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MU's Title IX Office Logs 13 Reports of Possible Drugged Drinks Involving Students

MU’s Office for Civil Rights and Title IX has logged 13 reports of students possibly having their drinks drugged, almost all of them reported in the past month, according to information released this week.

The information, which was released after an MU student requested it under the Missouri Sunshine Law, provides the most specific information to date about how big of an issue drugging and sexual assault has become at the university and in the surrounding community.

Two bars and six fraternities were listed among the locations in the document. The Missourian is not naming the bars or fraternities at this time because the information was not confirmed by the Title IX office and some of the reports were second-hand.

Managers at several bars downtown and the Interfraternity Council did not return calls Wednesday requesting comment.

One of the incidents was filed in June, and the others were reported between Aug. 25 and Sept. 20, according to the Title IX document.

Title IX investigators were unable to pursue a formal investigation with a majority of the reports for various reasons, according to notes on the documents explaining each case’s status.

A complainant was only interested in filing a formal complaint in one report.

Christian Basi, MU spokesperson, stated that the information contained in the document concerning the locations, the report summary and the incident dates, was not confirmed factual information.

The open records request was made by MU student Eli Hoff, who reported the results on one of his social media accounts.

The report listed each complainant, incident date, report date, location, summary and case status. Some information was redacted to protect personal information under federal education privacy laws.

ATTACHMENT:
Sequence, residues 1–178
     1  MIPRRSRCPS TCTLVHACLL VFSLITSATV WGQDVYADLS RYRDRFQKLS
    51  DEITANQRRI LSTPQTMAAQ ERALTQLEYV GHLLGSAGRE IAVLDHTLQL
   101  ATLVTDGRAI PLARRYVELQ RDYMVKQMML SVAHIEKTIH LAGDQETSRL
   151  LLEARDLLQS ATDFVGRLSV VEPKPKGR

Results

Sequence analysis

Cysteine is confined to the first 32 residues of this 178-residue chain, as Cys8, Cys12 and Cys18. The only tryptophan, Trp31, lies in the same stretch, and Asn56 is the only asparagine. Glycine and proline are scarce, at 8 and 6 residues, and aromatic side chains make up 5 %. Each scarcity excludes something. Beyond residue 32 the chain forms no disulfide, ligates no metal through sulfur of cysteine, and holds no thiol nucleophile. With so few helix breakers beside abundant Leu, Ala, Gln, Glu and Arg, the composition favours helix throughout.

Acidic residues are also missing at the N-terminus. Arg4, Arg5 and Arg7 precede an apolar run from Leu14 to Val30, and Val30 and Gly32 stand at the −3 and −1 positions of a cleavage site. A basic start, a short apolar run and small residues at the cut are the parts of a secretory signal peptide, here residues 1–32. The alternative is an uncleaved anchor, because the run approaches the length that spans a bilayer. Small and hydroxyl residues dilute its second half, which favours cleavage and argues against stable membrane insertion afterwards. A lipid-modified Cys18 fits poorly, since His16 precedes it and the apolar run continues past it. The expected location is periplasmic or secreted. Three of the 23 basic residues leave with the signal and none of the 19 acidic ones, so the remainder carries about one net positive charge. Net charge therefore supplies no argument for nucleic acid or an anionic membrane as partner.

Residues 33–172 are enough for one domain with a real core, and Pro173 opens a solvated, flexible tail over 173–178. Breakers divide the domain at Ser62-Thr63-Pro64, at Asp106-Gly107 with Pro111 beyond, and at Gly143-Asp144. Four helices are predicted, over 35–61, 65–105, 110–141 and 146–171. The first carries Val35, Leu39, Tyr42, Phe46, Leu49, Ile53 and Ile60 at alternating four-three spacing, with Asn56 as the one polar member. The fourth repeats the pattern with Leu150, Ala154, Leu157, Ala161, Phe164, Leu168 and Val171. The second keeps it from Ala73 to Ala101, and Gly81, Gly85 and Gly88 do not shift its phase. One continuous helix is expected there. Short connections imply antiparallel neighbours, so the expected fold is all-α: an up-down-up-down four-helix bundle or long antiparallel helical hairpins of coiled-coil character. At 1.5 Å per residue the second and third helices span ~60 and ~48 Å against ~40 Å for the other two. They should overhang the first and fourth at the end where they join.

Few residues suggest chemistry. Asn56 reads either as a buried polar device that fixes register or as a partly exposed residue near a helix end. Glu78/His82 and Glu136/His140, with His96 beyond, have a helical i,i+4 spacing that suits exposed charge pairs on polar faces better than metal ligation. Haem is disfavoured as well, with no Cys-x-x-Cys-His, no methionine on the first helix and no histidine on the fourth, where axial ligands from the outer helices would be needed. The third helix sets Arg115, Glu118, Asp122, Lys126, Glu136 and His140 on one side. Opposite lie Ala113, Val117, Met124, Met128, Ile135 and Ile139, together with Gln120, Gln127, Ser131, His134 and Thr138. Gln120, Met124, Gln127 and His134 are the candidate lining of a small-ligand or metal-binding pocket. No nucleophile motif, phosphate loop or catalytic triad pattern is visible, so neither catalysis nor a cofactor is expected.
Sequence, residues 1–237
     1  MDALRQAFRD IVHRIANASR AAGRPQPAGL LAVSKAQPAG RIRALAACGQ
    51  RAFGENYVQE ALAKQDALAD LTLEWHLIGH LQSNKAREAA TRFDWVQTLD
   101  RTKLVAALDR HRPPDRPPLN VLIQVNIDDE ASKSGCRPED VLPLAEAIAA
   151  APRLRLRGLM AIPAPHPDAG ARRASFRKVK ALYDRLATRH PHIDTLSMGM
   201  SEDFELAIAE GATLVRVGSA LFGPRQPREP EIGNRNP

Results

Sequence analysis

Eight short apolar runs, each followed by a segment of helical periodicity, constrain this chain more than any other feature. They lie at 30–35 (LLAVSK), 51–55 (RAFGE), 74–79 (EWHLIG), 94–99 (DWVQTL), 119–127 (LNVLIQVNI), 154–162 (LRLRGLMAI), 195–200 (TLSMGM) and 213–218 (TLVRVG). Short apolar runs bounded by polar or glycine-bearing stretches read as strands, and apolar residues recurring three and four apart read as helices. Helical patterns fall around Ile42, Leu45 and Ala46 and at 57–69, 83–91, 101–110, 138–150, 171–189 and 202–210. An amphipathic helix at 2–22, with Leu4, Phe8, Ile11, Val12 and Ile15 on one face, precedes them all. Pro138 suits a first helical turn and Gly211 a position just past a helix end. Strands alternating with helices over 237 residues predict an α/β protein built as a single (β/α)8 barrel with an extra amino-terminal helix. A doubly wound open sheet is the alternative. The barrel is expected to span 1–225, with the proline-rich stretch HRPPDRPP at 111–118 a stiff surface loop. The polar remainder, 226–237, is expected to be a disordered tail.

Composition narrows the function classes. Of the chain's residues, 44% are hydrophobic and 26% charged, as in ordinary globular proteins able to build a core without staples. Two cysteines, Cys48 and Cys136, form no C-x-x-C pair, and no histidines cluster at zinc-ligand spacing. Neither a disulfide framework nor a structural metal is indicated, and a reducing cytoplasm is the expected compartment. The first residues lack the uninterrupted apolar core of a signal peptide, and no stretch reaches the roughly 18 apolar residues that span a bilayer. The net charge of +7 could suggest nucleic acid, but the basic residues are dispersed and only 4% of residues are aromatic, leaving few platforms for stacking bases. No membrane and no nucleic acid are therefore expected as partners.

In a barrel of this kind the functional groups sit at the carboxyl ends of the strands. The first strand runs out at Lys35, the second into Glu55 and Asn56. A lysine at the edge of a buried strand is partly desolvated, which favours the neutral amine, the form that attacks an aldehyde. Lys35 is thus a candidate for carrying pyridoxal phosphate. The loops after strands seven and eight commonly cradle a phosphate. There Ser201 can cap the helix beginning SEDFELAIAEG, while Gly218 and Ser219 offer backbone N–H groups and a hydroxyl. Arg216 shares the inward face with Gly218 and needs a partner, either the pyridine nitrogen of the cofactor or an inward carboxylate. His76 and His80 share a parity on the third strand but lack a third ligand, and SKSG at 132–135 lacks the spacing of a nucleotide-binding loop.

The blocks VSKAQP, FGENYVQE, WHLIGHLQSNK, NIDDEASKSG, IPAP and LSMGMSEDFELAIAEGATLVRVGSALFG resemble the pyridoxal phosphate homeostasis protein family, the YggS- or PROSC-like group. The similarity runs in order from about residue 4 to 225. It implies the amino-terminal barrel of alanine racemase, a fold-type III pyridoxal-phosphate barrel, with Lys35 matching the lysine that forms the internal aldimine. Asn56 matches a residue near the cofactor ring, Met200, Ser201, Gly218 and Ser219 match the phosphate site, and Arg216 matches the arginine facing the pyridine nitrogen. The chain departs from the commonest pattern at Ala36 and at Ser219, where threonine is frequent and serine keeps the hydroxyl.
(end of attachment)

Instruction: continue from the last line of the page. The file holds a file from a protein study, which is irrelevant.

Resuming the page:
When the Title IX office receives a complaint, investigators review the information and follow up with the complainant. If the complainant responds and is interested in pursuing a complaint, a formal investigation can take place.

If investigators do not hear back from the complainant, the investigation does not proceed.

“It is very valuable for individuals to report and to respond to our Title IX investigators so that we can continue reviewing the cases,” Basi said.

On Sept. 17, MU Police released an email to students warning that they have received “multiple reports from individuals suspecting that drinks may have been drugged at various locations throughout Columbia.”

On Tuesday evening, about 500 students gathered at Traditions Plaza to show support for survivors of sexual assault and to demand action and transparency from the university to keep students safe.

In the 2019-2020 school year, the most recent year with data available, the Title IX office logged 11 reports of the use of “predatory drugs/alcohol,” according to an annual report from the office. That school year was interrupted by the COVID-19 pandemic, when the campus was essentially shut down in March.

The last full year for which information is available, the 2018-2019 school year, there were 14 reports involving “predatory drugs/alcohol.”

Residents who have any information about drug-facilitated sexual assault or want to make a report can contact the Office of Civil Rights and Title IX at 573-882-3880 or through email at civilrights-titleix@missouri.edu, or fill out an online incident report.

To file a police report, contact MU Police at 573-882-7201.

The Columbia Missourian is a community news organization managed by professional editors and staffed by Missouri School of Journalism students who do the reporting, design, copy editing, information graphics, photography and multimedia.